🔍 Search

Honeypot in Cyber Security

This comprehensive guide explains the concept of honeypots in cyber security, their types, deployment strategies, benefits, and examples of honeypot software.

What is a Honeypot?

A honeypot is a security mechanism that simulates vulnerable systems, services, or networks to deceive attackers. It operates as a trap, enticing malicious actors to interact with it, thereby allowing security professionals to monitor, analyze, and respond to their activities.

The term "honeypot" comes from the idea of attracting and trapping malicious actors, much like bees are attracted to honey.

The primary purpose of a honeypot is to gather information about attackers' tactics, techniques, and procedures (TTPs), as well as to distract and divert them from legitimate systems and resources.

How does Honeypot Work?

Honeypots can be deployed in various ways, such as within a network to detect internal threats, on the internet to detect external threats, or even on specific systems or services to lure attackers away from critical resources.

When an attacker interacts with the honeypot, the system captures information about the attacker's methods, such as the IP address, tools and techniques used, and the specific actions taken. This information can then be used to improve security measures and better protect real systems and networks from future attacks.

Types of Honeypots

These can be classified based on two main factors:

  • Deployment: This refers to where the honeypot is located on a network.
  • Interaction Level: This describes the level of functionality and realism offered by the honeypot.

Based on Deployment:

1. Production honeypots

These are deployed in production environments and simulate real systems and services that an organization might use. These are often used to detect attacks against specific systems or services, such as web servers or email servers.

2. Research honeypots

These are designed to be used by researchers and security professionals to gather data about cyber attacks and attackers. These are often deployed in controlled environments and can be customized to simulate a wide variety of systems and services.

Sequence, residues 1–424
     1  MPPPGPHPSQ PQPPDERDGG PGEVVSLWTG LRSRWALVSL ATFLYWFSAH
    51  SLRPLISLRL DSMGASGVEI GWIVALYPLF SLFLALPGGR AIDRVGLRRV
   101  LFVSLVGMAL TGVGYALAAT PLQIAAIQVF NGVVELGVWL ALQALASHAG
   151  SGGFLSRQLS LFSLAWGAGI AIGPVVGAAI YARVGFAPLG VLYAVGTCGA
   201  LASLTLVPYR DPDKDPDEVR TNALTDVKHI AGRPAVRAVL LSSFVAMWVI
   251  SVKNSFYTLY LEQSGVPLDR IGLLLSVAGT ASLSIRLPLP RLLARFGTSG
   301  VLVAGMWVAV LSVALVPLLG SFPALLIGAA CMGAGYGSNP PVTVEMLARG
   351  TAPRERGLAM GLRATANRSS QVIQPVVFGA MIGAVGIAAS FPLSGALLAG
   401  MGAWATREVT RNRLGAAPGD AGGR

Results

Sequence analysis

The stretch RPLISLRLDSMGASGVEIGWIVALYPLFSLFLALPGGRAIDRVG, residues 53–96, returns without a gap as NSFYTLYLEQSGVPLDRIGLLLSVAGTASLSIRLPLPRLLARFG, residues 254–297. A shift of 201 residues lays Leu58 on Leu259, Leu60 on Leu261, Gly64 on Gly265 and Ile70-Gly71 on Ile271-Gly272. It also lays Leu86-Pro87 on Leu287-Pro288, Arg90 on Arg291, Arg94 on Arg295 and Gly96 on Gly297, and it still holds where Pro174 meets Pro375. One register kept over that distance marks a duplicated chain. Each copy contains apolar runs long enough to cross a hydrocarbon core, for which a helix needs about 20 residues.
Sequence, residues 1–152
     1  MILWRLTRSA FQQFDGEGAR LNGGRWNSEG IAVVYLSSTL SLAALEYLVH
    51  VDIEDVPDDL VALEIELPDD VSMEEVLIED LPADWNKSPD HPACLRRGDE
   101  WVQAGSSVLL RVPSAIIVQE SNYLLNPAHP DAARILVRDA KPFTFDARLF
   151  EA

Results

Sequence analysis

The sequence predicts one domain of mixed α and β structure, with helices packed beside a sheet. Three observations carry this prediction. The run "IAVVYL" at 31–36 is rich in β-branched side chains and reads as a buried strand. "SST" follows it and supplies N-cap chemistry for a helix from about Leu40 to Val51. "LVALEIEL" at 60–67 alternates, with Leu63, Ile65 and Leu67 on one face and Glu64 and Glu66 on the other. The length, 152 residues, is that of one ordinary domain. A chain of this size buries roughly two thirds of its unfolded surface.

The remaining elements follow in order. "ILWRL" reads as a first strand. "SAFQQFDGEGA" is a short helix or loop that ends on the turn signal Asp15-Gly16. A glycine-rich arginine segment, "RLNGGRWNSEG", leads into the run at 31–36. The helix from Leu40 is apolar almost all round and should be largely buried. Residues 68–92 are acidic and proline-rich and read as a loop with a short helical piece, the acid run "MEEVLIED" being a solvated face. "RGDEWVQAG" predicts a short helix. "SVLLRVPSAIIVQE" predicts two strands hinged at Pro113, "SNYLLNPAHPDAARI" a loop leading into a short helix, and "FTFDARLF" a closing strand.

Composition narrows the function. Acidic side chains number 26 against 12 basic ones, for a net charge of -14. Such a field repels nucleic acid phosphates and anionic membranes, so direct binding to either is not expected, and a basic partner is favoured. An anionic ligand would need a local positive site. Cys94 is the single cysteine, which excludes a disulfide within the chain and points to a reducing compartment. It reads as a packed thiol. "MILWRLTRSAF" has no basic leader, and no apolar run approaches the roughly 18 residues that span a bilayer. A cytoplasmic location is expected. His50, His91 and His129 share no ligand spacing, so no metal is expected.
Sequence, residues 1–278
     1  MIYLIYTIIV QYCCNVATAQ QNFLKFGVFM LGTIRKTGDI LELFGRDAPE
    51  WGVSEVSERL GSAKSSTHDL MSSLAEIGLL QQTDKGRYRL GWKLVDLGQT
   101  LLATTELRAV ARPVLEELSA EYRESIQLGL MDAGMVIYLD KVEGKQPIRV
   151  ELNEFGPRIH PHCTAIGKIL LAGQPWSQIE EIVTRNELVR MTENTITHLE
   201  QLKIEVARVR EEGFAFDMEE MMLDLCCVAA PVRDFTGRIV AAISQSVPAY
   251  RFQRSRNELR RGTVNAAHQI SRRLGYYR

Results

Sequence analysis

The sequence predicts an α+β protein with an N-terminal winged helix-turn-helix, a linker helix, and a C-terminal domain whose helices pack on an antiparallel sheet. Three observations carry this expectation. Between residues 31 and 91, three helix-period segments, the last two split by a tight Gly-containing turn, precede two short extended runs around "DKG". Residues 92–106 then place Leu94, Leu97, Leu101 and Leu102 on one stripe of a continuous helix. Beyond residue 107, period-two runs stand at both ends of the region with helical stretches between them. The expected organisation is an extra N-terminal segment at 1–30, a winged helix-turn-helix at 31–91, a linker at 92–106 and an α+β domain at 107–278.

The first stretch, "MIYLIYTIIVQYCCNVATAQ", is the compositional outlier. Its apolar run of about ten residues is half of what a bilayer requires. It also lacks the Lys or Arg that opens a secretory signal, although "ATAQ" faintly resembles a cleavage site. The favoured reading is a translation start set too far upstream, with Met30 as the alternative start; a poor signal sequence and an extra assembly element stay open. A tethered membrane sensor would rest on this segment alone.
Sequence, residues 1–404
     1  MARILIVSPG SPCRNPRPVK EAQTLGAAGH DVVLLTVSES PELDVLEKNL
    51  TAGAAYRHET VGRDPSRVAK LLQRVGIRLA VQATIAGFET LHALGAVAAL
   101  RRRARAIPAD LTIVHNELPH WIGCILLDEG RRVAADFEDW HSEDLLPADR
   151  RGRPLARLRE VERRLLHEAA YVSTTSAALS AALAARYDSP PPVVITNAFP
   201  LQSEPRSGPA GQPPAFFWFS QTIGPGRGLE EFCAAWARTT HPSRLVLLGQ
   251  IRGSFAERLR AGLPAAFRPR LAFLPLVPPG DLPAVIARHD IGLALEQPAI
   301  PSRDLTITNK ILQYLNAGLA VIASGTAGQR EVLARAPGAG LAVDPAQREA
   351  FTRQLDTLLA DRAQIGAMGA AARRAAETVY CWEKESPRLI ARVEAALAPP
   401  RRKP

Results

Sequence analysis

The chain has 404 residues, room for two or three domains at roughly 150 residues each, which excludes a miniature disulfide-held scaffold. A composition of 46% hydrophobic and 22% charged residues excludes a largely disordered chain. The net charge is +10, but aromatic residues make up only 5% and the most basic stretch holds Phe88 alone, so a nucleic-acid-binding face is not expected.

Based on Interaction Level:

1. High-interaction honeypots

These completely simulate real systems and services, giving attackers the impression that they are interacting with a legitimate system. These are more difficult to set up and maintain, but they can provide more detailed information about attackers and their methods.

2. Low-interaction honeypots

These emulate only the most common protocols and services, such as HTTP or FTP. These are easier to set up and maintain, but provide less detailed information about the attackers.

3. Pure honeypots

This type is designed to be completely passive, meaning it does not interact with attackers in any way. It is a decoy system or network set up to attract and detect attacks, without taking any active measures to prevent or respond to the attacks.

Honeypot Softwares

Here are some examples of popular honeypot software:

• Honeyd

Honeyd is a low-interaction honeypot that simulates a variety of different systems and services. It is easy to set up and is often used for research and education purposes.

• Glastopf

Glastopf is a web application honeypot that can detect a variety of web application attacks, such as SQL injection and cross-site scripting (XSS). It is written in Python and can be easily deployed on a variety of platforms.

• Dionaea

Dionaea is a high-interaction honeypot that is designed to capture malware samples and gather information about attackers. It supports a wide range of protocols and services, including HTTP, FTP, SMB, and VoIP.

• Cowrie

Cowrie is an SSH honeypot that can mimic a vulnerable SSH server. It can be used to capture attacker keystrokes and commands, and it can also be used to honeynet attackers, which is the practice of deploying multiple honeypots to waste an attacker's time and resources.

• Kippo

Kippo is a high-interaction honeypot that emulates an SSH server. It captures information about attackers, including their usernames, passwords, and commands used.


Honeypots are a valuable tool for organizations of all sizes looking to strengthen their cybersecurity posture. By understanding their capabilities and limitations, security teams can leverage honeypots to gain valuable insights into attacker behavior, identify vulnerabilities, and proactively defend their systems. Remember, honeypots are most effective when used as part of a layered security strategy that includes firewalls, intrusion detection systems, and other security controls.

Like this Article? Please Share & Help Others: